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Cannabis & Sport Recovery

Discover Brian’s story and how cannabis helped him to recover from sport injuries.

My name is Brian, I’m from San Mateo California, which is 30 minutes south to San Francisco.

What is your athletic background?

My athletic background is I was a rower, I rowed in high school and then got actively recruited in college and I rowed for 4 years at the varsity program at Columbia university. It was very intense, pretty much the entire academic years I was spending 30 to 55 hours a week devoted to the team, training wise, we had practice 6 days a week in the morning on the water for about 90 minutes and then often times, double days probably 4 days a week. So, quick back the envelop math, I was probably training literally on the rowing machine or on the water for 20 hours a week.

How did you find your way to cannabis?

It was not so much that I found my way to it. Obviously, I found my way to cannabis to help me, but I think more I sort of discovered as a lot of people do, I guess use it more recreationally to begin with. But then, as especially as my rower career ended and I was kind of discovering chronic issues I had in my body due to literally millions of strokes, rowing strokes which is the same repetitive motion as so pretty severe imbalances in my body. Primarily resulting like lower back discomfort with really heavy tightness in my hip flexors and psoas which is the muscle that connect to your lower back and kind of wrap around the front of your pelvis.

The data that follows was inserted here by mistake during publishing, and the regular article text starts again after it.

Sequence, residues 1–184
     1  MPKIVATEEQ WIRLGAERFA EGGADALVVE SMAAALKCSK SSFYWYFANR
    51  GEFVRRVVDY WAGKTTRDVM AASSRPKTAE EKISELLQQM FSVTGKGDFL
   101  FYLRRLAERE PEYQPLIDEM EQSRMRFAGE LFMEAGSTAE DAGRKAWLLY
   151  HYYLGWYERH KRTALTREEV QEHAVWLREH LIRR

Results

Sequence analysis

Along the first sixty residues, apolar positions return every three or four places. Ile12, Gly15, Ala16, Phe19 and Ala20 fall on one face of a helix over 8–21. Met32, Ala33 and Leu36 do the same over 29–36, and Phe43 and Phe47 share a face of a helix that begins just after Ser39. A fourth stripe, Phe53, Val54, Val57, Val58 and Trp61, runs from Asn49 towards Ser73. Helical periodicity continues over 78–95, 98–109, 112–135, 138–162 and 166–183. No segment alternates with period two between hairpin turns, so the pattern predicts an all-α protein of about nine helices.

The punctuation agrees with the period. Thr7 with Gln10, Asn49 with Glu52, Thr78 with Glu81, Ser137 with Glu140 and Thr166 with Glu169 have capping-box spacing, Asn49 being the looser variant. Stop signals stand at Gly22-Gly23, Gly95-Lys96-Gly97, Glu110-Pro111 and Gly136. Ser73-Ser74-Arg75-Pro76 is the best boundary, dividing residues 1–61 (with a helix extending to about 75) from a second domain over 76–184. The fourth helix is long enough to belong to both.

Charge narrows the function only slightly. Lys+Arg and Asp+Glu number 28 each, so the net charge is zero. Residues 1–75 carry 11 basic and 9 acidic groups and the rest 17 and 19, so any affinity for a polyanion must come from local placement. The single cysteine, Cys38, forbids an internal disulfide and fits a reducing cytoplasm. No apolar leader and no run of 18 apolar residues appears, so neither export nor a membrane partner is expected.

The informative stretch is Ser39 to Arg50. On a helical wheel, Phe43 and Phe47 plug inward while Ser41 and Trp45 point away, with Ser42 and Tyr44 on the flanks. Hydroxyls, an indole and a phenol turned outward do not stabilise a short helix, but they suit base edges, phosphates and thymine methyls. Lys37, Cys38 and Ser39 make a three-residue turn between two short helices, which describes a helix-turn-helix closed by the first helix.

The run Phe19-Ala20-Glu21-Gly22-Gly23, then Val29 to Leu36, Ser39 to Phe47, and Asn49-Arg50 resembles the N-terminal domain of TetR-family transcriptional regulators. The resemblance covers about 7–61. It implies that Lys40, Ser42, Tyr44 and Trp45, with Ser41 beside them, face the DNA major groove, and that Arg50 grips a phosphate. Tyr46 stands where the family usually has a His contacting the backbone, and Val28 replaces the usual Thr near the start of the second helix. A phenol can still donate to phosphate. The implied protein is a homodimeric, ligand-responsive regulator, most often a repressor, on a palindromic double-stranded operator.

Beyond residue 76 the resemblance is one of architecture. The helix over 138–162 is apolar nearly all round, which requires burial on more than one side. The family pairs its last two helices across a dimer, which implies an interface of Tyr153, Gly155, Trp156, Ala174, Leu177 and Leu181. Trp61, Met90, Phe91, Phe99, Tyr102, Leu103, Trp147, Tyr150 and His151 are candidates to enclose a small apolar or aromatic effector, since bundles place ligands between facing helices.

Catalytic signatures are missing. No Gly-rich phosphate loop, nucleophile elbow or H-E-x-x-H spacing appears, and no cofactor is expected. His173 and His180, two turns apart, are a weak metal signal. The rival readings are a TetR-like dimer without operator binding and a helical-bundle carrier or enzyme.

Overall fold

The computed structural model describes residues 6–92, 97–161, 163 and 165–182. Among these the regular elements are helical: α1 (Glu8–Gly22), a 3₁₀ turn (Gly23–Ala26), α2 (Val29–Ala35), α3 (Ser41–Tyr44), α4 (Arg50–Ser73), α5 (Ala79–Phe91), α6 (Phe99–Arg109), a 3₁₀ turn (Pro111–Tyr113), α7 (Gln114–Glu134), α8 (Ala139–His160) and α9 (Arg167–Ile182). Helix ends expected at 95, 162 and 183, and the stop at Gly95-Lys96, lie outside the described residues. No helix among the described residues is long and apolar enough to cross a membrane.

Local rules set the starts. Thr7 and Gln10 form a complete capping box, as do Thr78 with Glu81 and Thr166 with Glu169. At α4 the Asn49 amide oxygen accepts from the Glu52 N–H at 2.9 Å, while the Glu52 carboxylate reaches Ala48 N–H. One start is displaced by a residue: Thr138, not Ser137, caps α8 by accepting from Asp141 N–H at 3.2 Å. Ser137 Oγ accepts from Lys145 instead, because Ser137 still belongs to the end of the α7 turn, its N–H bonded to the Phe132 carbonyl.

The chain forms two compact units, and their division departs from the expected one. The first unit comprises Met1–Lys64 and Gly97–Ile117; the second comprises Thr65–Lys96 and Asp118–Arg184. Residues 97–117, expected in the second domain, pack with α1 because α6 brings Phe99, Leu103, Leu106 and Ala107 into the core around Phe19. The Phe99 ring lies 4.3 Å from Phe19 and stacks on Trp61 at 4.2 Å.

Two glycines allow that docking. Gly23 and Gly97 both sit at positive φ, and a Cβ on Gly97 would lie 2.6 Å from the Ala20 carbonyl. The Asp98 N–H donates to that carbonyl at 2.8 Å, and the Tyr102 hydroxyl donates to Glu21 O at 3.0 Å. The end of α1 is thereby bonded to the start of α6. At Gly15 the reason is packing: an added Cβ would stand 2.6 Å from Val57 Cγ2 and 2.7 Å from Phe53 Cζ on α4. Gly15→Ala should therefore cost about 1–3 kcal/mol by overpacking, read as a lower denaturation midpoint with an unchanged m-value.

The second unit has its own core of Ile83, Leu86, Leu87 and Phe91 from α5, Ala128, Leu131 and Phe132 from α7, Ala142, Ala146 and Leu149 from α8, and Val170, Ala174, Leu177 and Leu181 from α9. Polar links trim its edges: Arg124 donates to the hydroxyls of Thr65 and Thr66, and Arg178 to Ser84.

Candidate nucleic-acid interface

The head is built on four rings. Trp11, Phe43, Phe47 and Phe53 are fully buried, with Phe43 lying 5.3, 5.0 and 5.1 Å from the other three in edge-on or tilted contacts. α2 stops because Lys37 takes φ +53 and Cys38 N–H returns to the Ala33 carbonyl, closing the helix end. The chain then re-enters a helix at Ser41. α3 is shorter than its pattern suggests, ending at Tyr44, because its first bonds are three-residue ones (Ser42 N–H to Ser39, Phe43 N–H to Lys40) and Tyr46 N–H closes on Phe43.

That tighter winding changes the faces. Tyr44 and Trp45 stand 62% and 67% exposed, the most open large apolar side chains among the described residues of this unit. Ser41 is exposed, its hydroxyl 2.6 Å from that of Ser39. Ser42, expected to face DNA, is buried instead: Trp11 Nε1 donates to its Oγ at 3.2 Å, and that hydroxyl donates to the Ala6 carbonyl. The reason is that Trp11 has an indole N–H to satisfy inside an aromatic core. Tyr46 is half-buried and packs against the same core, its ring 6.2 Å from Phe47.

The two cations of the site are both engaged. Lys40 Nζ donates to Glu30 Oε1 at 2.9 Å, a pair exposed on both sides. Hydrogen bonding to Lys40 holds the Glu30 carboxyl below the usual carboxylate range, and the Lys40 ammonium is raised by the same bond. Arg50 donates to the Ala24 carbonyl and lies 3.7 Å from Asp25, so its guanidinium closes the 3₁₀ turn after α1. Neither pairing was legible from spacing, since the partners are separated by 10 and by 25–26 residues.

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How did cannabis help you recover from your sport injuries?

I think trying to be proactive in providing the release in the areas that I have that are very tight. Cannabis really helps me relax in a way that allows my mind and the rest of my body to isolate those problem areas and what I’m doing things especially like whether it will be yoga or certain sorts of stretching activities when you have certain issues that are so deeply ingrained in you for like so many years of repetitive motion at a very high level were muscles and tendons are very strong and highly used. Having something that allows you mentally to drown out the noise and calm the body to a point where you are really getting to that next level of relief when you are doing your activities that are just as much mental that they are physical. Cannabis especially as a former athlete, the body will recover itself in different areas at different rates and so, you get a lot of imbalances in different ways that surface over time. You are not just with coming off of that training but also the natural things that come with aging. I just turned 30, I am definitely not old but it’s definitely not as spry as I used to be. And with incorporating marijuana, cannabis whatever the PHC term is this day, is something that allows me to kind of flush out the noise when I am really trying to address my body’s own kind of natural way of recovering itself post those many years of extremely high-level output. The guys that I rowed with were in the Olympics. And I can watch Olympic row and be like that guy is not good, that guy could be better.